Luke Johnson is a world-famous entrepreneur. He’s credited with making Pizza Express a high street name; he’s served on the board of over 100 companies, and it’s helped him amass a £260m fortune, according to the Sunday Times Rich List.

But everyone gets things wrong sometimes; indeed, it’s likely that if you’re on the board of countless companies, you’re going to drop the ball sometimes. Johnson’s clanger came with Patisserie Valerie, the luxury baking chain, which has been in the news for what’s been called “accounting irregularities” which are costing the business upwards of £20m!

Johnson has done the right thing and put his own money in to save the business. But there’s a lesson there for everyone: even the finance professionals make mistakes (whether it’s something more serious is up to the courts…), and it’s everyone’s job in an operation to watch the pennies.

That applies to non-finance professionals too, because many of us will get our first taste of managing a budget by heading up a department or a project. If terms like balance sheet or business case swim in front of your eyes, it might be time to look at a basic finance course. Because you don’t have to be a finance expert to understand money, but it certainly helps to have the basics if you’re going to run, manage or contribute to a business.

A budget is money that is allocated to a team, department or business unit to enable it to carry out its work over a given period, usually 12 months. But money doesn’t come easy, and one of the challenges of being a manager is bidding for that money against the many other priorities in the business. Getting budget is often a bunfight!

And then there’s the difference between Business As Usual (BAU), the money you need to keep the lights on; and extra budget to do the things you really want to do – like buying new equipment, employing more staff or trying out new ideas. BAU money is quite easy to get; whereas more speculative expenditure will constantly be questioned.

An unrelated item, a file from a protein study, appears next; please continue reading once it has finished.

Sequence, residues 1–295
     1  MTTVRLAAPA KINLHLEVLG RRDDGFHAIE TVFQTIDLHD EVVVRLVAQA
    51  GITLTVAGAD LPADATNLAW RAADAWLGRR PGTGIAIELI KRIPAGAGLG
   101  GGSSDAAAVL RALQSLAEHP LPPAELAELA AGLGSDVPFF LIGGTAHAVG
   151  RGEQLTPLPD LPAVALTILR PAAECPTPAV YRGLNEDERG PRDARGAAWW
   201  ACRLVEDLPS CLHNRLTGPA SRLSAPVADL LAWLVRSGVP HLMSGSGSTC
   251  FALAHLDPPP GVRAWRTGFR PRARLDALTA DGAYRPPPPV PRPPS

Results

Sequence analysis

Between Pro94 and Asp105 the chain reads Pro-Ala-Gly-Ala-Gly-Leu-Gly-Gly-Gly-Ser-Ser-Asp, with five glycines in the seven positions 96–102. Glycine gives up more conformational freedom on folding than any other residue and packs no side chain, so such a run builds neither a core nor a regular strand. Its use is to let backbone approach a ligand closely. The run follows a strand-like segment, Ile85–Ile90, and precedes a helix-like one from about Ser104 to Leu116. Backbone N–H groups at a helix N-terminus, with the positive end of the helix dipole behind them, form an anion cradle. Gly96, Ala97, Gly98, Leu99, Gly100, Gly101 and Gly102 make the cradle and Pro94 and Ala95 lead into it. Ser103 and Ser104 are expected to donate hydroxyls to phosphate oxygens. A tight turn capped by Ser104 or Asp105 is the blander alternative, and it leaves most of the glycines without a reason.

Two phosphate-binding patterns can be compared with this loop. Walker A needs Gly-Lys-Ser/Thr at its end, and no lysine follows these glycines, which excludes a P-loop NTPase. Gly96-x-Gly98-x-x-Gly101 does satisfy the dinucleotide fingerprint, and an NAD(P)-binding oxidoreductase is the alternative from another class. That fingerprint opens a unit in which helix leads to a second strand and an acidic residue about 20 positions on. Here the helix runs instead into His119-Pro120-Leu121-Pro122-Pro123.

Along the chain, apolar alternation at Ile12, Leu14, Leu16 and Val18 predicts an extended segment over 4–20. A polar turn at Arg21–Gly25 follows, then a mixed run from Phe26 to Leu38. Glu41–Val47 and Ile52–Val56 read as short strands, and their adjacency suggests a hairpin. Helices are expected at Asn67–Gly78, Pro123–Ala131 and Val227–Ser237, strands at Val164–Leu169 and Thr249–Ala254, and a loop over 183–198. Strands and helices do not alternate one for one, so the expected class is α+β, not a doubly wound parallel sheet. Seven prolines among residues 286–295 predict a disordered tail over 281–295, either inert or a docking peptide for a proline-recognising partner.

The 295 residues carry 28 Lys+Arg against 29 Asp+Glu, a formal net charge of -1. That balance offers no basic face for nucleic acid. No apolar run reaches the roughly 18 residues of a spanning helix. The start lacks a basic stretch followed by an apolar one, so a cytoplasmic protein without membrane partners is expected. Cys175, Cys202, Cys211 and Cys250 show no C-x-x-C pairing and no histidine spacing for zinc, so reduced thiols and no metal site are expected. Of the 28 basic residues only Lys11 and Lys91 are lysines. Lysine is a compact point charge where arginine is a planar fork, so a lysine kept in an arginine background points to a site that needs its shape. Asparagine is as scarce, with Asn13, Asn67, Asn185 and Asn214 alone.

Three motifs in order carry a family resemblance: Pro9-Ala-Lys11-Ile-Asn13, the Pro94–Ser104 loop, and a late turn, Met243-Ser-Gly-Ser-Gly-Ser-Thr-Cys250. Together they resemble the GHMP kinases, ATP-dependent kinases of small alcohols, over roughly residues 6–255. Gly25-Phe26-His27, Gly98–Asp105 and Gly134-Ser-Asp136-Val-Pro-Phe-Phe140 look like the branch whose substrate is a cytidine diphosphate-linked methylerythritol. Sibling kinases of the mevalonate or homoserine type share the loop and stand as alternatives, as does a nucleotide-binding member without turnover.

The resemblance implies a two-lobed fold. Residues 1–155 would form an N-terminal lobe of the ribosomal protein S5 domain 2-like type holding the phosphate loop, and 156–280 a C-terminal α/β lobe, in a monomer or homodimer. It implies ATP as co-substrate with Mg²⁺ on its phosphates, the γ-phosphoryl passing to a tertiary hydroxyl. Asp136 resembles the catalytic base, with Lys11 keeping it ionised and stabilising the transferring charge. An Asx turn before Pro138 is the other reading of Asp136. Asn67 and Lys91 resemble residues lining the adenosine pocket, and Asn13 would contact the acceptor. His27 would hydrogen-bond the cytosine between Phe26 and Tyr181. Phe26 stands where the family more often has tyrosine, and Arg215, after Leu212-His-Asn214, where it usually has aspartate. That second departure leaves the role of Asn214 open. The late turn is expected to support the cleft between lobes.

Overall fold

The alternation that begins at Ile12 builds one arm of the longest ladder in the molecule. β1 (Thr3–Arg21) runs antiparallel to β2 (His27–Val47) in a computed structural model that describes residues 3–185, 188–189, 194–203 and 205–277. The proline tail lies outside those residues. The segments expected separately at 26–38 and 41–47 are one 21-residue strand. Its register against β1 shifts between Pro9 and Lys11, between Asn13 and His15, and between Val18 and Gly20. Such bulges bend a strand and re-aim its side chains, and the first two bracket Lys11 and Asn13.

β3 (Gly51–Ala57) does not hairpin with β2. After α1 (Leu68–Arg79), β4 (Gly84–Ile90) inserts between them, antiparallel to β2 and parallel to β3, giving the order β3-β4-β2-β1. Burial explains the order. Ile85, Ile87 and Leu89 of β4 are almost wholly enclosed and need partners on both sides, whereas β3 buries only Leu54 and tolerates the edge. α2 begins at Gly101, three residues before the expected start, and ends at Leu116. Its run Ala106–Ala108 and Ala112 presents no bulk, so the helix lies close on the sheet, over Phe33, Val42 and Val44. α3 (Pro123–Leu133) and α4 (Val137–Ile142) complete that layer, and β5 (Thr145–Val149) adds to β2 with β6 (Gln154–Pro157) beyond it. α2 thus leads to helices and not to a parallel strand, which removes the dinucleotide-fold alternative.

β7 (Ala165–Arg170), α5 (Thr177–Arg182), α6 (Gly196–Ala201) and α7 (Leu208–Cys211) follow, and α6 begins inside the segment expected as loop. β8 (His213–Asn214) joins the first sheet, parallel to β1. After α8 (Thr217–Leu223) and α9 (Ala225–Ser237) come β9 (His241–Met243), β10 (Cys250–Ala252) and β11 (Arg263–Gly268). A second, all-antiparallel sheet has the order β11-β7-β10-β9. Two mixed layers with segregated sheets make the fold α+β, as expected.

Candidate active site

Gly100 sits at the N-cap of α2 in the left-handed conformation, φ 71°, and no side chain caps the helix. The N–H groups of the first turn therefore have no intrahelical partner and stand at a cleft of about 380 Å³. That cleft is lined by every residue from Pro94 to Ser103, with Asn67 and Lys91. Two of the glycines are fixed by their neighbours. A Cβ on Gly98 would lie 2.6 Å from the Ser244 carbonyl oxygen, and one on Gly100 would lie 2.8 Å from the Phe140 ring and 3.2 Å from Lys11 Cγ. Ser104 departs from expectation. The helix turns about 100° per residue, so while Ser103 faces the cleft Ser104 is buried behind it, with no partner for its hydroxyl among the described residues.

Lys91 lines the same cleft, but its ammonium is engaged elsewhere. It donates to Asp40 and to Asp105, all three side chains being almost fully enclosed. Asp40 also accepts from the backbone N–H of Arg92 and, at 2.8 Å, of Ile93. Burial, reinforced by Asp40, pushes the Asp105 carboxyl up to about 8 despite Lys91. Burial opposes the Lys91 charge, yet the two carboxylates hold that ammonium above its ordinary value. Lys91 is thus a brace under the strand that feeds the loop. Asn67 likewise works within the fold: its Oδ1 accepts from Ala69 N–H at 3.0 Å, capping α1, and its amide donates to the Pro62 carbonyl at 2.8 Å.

Either way, going to a fight unprepared is a very bad idea, so put in the same sort of preparation when asking for money as you would for a job interview:

  • Do some homework: When you asked your parents for money as a child, their first question would have been ‘Why’? A business budget is no different. Prepare to put your case, with authentic, careful thinking and back it up with some facts.
  • Fix a problem: “We can save £50 per person per year” is pretty seductive. If you’re planning something new and exciting (which is always a hard sell…), explain what benefits it will provide, in words that anyone can agree with.
  • Paint a picture: Despite the fact that finance folks like their numbers, everyone responds well to a vision. “Imagine not having to spend hours copying and pasting” is a lot more exciting than “I want to buy a desktop productivity tool”.

Once you’ve got it, managing a budget is similar to looking after your personal income and expenditure. But you’ll likely need to record everything to account for it. Failing to show where the money goes is how organisations end up in Patisserie-Valerie-style hot water.

And the final shocker? You generally can’t carry forward any unspent budget into the next year. Instead of proudly spending the extra dosh you saved, you have to bid for it anew – which is why at year-end so many managers go on a spending spree to soak up any remaining funds – otherwise they’ll actually be expected to get by with less in the following year.

Most new managers find this bizarre and counter-intuitive. Blame US President, Jimmy Carter, who popularised this process in the public sector – called Zero Based Budgeting – in the 1970s. Alas, hard experience says it works. So, the budget bunfight is in fact an annual event.

If you’re going to find yourself enter this competition, take some time to think about expenditure and how it’s allocated. Bidding for budgets, managing and accounting for them is a game, and with the right approach it’s one you can win.

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